Some players will drink to latest booze study

OLIVIA WANNAN
Last updated 05:00 14/06/2014

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All Black partiers such as Zac Guildford might feel some vindication from a new study showing heavy drinking does not always affect performance on the field.

The former wing was spotted drinking in a Wellington bar with injured team-mate Israel Dagg in the middle of the Rugby World Cup in 2011.

He is by no means the first rugby player whose drinking has either landed him in trouble or been blamed for a poor performance.

Now, however, a Massey University masters student has concluded that heavy drinking - in some cases more than 11 pints - does little to impair a player's sporting ability the next day.

Christopher Prentice, a rugby player, tested 30 players from two club rugby teams for their jumping and sprinting abilities and lower body strength before and after a heavy night out.

Some drank more than 11 pints, others drank between six and 11 pints, and others fewer than six pints. On average, they had three hours' sleep.

"You could tell by the looks of them some had come straight there," Prentice said. "They were still wearing what they had on the night before."

The only physical ability affected the next morning was a slight decrease in the height the athletes could jump - good news for all players except those lineout jumpers.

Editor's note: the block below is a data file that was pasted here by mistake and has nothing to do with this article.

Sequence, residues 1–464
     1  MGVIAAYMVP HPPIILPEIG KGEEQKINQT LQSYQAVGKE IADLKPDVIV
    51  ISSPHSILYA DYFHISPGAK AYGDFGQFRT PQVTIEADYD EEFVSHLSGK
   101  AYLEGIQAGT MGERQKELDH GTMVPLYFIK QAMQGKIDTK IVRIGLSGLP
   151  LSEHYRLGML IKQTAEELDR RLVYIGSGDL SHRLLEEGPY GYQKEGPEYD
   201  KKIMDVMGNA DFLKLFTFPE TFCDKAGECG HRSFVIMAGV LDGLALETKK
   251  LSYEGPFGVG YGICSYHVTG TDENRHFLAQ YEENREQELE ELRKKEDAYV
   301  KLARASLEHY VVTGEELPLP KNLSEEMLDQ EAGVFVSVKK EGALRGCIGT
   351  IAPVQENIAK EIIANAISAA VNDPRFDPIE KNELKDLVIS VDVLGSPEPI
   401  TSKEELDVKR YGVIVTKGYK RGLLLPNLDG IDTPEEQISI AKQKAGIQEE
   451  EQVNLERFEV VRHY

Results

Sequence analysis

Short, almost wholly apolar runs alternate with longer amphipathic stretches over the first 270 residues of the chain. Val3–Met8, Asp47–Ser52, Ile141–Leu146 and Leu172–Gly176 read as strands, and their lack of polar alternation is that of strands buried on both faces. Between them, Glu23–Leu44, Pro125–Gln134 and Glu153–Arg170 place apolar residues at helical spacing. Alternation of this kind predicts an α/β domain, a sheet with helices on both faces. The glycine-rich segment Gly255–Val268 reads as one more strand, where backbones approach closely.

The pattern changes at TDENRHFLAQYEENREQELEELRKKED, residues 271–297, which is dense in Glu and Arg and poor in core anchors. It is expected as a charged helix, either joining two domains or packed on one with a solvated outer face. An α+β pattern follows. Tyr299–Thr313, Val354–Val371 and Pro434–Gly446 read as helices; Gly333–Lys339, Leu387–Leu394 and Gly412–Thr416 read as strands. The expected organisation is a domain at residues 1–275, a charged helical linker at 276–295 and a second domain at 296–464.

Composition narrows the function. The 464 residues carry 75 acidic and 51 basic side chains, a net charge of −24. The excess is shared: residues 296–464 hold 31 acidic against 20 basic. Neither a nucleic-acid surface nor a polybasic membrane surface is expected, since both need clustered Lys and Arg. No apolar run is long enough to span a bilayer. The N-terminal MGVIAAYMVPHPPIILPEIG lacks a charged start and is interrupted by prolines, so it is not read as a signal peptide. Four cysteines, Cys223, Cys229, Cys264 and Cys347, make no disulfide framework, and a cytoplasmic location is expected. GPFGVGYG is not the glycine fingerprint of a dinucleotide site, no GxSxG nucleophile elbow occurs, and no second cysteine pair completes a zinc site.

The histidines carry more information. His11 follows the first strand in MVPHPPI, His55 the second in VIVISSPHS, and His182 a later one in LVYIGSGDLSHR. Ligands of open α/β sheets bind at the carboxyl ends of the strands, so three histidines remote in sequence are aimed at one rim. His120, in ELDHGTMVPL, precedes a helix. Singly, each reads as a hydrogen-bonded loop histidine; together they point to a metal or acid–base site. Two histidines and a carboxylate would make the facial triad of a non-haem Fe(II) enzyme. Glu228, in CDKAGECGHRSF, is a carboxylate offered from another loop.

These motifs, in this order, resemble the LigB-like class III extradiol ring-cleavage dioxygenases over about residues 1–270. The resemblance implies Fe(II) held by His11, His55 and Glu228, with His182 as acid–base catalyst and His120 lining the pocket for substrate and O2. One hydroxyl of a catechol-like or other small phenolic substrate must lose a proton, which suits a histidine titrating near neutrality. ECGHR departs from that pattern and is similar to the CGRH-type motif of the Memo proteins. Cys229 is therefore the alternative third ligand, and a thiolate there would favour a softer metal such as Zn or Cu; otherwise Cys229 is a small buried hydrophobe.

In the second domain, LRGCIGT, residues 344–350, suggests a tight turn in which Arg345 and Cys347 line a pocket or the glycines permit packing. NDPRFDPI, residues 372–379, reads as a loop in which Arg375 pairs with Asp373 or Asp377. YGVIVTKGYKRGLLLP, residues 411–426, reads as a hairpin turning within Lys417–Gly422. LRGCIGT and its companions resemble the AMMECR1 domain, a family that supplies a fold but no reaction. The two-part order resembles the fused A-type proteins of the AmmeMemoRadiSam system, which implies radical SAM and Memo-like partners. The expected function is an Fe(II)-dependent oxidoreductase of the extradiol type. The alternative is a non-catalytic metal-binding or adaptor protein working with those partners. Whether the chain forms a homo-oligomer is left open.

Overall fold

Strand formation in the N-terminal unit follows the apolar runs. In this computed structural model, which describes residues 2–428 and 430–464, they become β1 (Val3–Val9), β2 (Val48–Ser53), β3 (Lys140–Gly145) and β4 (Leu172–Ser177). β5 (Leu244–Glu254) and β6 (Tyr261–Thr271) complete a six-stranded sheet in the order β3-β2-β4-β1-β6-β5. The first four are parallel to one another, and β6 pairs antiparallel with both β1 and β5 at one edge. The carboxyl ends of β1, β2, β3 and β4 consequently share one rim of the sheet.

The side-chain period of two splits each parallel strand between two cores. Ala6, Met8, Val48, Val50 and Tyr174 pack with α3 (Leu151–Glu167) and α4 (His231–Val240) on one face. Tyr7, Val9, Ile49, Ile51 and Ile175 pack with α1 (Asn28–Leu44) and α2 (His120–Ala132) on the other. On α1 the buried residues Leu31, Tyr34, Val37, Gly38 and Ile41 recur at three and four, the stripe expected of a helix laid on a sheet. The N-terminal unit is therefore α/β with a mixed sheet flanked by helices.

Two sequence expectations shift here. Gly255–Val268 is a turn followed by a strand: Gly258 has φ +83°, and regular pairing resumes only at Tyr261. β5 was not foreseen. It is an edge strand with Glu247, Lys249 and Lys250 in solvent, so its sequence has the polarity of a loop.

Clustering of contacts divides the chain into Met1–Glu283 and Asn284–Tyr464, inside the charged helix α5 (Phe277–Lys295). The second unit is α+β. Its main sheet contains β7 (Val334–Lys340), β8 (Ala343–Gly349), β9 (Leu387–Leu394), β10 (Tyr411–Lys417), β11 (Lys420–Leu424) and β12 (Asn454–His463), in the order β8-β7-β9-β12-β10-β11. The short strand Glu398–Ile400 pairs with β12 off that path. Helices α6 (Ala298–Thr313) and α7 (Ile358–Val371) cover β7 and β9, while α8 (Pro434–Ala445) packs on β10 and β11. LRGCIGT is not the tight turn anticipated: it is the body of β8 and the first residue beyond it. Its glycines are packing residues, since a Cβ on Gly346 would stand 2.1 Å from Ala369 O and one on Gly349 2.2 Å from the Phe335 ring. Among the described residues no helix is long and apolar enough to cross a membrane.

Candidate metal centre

The players' sprinting and lower body strength were all unchanged from what they achieved before the hard night. Their hydration levels were also unaffected.

"Although the results were generally the same, the people who had been up all night drinking did not look good," Prentice said. "We had some people throwing up during the sprints and lying down between tests."

All had fully recovered 24 hours after the first tests.

Despite the results, Prentice said he still recommended rugby players took it easy with the boozing, particularly for their long-term health.

"The next morning, you're not as likely to do the appropriate recovery or eat as well - active recovery, that kind of thing."

Matthew Barnes, Massey University sports scientist and paper co-author, said previous research suggested alcohol had some, but not a huge, effect on sporting performance.

"In the hangover state, most research shows physical ability isn't really impaired, it's more a cognitive thing."

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- The Dominion Post

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